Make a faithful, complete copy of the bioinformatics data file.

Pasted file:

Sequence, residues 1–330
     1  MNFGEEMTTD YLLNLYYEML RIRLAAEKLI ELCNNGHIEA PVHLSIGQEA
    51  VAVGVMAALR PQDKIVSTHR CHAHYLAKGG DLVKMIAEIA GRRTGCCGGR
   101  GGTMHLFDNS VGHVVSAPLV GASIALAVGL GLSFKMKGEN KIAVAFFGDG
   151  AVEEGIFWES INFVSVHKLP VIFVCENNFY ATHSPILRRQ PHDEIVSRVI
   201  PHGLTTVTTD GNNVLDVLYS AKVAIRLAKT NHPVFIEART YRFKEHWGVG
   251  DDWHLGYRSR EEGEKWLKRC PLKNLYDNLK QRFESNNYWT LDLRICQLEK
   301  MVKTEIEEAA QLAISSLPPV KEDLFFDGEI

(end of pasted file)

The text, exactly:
Sequence, residues 1–330
     1  MNFGEEMTTD YLLNLYYEML RIRLAAEKLI ELCNNGHIEA PVHLSIGQEA
    51  VAVGVMAALR PQDKIVSTHR CHAHYLAKGG DLVKMIAEIA GRRTGCCGGR
   101  GGTMHLFDNS VGHVVSAPLV GASIALAVGL GLSFKMKGEN KIAVAFFGDG
   151  AVEEGIFWES INFVSVHKLP VIFVCENNFY ATHSPILRRQ PHDEIVSRVI
   201  PHGLTTVTTD GNNVLDVLYS AKVAIRLAKT NHPVFIEART YRFKEHWGVG
   251  DDWHLGYRSR EEGEKWLKRC PLKNLYDNLK QRFESNNYWT LDLRICQLEK
   301  MVKTEIEEAA QLAISSLPPV KEDLFFDGEI